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By Augustine Anthony
ISLAMABAD (Reuters) - Questions raised by India's prime minister about the control of the Pakistani army and Pakistan's aims in Afghanistan are an excuse for delaying the resumption of talks, Pakistan's foreign minister said on Monday.
India's Prime Minister Manmohan Singh told CNN International television on Sunday he was not clear if Pakistan's president was in control of the army and that Pakistan's objectives in Afghanistan were not necessarily those of the United States.
In the interview coinciding with a U.S. visit, Singh also said he was worried about Pakistan's nuclear arsenal falling into the wrong hands and complained that Islamabad had not brought to justice perpetrators of last year's Mumbai attack.
"I am disappointed," Pakistani Foreign Minister Shah Mehmood Qureshi told Reuters. "My feeling is India is dragging its feet and is looking for excuses to not resume the composite dialogue."
The nuclear-armed neighbours have fought three wars since 1947 and nearly went to war a fourth time in 2002, after a militant attack on India's parliament.
The United States wants the rivals to reduce tension and resume dialogue on a range of issues from trade to the disputed Kashmir region so Pakistan can focus on the war against the Taliban and al Qaeda on its Afghan border.
India suspended a five-year-old peace process that included broad talks known as the composite dialogue with its neighbour after the Mumbai attacks in November last year.
India blamed the attack on Pakistan-based militants it said were supported by state agencies. Pakistan condemned the assault on India's financial capital in which 166 people were killed and denied any official involvement.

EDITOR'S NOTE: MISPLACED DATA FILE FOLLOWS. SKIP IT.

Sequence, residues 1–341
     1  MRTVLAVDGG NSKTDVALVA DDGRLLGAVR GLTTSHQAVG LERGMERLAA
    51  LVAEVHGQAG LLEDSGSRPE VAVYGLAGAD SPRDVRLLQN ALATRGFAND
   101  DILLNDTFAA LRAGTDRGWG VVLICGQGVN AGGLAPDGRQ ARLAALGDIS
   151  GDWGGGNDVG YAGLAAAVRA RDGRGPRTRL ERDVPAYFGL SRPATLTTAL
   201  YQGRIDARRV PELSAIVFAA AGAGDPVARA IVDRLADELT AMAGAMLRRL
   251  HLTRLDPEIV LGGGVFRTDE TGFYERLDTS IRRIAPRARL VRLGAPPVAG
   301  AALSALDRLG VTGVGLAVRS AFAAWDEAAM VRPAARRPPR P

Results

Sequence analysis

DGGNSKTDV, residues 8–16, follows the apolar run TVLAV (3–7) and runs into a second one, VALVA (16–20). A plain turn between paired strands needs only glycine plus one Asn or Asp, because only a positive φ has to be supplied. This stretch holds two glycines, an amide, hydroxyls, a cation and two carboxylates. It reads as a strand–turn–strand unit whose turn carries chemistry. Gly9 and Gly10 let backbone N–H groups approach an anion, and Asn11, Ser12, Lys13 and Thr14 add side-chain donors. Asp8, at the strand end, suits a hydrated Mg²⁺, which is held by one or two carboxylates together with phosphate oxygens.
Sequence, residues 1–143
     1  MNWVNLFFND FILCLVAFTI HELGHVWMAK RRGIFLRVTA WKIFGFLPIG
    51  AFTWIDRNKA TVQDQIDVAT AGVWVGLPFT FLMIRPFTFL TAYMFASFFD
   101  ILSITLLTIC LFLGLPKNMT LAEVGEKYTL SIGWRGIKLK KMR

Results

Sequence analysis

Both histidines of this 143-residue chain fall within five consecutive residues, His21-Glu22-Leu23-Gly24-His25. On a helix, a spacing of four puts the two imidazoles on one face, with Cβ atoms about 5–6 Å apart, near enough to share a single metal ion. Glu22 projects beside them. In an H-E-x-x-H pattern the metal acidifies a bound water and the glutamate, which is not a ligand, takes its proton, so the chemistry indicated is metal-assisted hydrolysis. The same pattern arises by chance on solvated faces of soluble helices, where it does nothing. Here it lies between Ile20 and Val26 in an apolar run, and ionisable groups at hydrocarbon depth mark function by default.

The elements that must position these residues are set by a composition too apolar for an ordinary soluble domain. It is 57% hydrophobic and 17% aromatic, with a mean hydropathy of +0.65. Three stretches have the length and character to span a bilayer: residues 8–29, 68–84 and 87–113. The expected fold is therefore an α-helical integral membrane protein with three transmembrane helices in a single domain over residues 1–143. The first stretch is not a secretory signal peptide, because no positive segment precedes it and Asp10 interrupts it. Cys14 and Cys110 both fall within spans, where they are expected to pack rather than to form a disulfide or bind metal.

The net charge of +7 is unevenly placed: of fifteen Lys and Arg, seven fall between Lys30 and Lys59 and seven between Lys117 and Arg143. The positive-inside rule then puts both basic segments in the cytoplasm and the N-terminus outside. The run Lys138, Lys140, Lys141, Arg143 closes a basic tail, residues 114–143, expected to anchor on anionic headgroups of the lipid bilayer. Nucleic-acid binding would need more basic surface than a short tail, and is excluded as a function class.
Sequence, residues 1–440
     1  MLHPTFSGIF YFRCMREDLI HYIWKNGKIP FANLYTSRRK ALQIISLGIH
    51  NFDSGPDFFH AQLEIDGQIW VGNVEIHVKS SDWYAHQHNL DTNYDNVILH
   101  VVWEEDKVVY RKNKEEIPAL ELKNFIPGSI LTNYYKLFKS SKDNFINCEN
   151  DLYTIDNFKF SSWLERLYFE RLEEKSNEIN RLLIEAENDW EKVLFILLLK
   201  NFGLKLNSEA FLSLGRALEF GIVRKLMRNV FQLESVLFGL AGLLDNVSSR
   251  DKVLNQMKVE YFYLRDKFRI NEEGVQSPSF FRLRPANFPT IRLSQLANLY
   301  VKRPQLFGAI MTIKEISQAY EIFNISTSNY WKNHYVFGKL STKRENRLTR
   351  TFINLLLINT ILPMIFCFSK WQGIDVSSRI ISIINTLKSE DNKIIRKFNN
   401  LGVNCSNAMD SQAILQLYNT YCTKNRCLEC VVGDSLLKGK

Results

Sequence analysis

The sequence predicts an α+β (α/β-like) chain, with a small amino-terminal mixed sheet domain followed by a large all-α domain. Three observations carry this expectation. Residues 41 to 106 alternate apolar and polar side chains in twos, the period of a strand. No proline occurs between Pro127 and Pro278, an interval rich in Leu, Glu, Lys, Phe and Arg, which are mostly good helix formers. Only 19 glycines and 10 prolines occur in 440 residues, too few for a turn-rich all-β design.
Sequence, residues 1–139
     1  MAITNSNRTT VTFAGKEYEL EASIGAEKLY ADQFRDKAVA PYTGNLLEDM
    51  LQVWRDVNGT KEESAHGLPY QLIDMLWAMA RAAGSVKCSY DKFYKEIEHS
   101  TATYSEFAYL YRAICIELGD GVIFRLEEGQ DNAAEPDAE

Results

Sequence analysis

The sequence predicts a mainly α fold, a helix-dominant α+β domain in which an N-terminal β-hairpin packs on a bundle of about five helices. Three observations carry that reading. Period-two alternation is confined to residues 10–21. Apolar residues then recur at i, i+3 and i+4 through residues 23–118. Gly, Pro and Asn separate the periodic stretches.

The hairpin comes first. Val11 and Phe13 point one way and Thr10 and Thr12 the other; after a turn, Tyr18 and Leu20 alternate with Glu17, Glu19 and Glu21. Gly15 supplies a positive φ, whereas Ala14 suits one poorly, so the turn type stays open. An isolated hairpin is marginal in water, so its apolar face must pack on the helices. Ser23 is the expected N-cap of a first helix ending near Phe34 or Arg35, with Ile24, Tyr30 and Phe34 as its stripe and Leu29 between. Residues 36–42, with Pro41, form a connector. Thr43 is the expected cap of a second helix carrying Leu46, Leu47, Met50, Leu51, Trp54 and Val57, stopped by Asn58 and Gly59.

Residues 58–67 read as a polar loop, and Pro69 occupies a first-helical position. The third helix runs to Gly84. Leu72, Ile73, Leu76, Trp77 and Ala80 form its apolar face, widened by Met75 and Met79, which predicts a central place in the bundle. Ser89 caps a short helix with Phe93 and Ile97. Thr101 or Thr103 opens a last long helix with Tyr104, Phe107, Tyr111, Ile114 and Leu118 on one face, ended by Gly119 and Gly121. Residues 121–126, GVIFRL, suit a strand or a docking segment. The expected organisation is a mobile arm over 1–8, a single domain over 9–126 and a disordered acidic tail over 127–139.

Indian and Pakistani leaders and senior officials have met several times on the sidelines of international gatherings over the past year but India insists Pakistan must take forceful action against militants before talks are resumed.
Pakistan has acknowledged that the Mumbai assault was plotted and partly launched from its soil and is prosecuting seven suspects in a closed-door hearing.
Qureshi said that showed Pakistan's seriousness in dealing with those behind the Mumbai attack.
Qureshi also rejected Singh's doubts about Pakistan's objectives in Afghanistan, saying the world recognised Pakistan's resolve in fighting militancy and its sacrifices.
The Pakistani army went on a long-awaited offensive on October 17 against Pakistani Taliban in South Waziristan near the Afghan border.
The United States, weighing options for how to stem an intensifying insurgency in Afghanistan, has welcomed the offensive but is keen to see Pakistan tackle Afghan Taliban factions in lawless border enclaves.
Referring to Singh's question about who was in charge of the Pakistani army, Qureshi said: "These statements do not help and this is not in line with reality."
Qureshi also dismissed Singh's remark about the safety of Pakistan's nuclear weapons.
The United States and India share security concerns centred around Afghanistan, but India fears U.S. policy panders to Pakistan, Indian analysts say.
India is uneasy that U.S. strategy fails to reflect its concern about what India sees as Pakistan's backing of militants launching attacks in both India and in Afghanistan, analysts and government officials say.
"Singh's comments are a reiteration of fears of any U.S. policy for the region that leaves out Indian concerns," said Christopher Raj, professor of international affairs at New Delhi-based Jawaharlal Nehru University.
"India wants more regional involvement in stabilising Afghanistan to neutralise Pakistan's claim that Afghanistan is their backyard."
(Additional reporting by Krittivas Mukherjee in NEW DELHI; Edited by Robert Birsel)